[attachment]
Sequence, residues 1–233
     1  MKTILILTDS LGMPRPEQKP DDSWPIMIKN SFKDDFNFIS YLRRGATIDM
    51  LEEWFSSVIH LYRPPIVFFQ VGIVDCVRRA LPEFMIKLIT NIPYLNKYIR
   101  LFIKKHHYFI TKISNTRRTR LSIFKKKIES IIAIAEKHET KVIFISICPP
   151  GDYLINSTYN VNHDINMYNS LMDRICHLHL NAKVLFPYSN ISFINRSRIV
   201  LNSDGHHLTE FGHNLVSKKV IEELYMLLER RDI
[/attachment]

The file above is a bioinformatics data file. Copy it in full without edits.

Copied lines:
Sequence, residues 1–233
     1  MKTILILTDS LGMPRPEQKP DDSWPIMIKN SFKDDFNFIS YLRRGATIDM
    51  LEEWFSSVIH LYRPPIVFFQ VGIVDCVRRA LPEFMIKLIT NIPYLNKYIR
   101  LFIKKHHYFI TKISNTRRTR LSIFKKKIES IIAIAEKHET KVIFISICPP
   151  GDYLINSTYN VNHDINMYNS LMDRICHLHL NAKVLFPYSN ISFINRSRIV
   201  LNSDGHHLTE FGHNLVSKKV IEELYMLLER RDI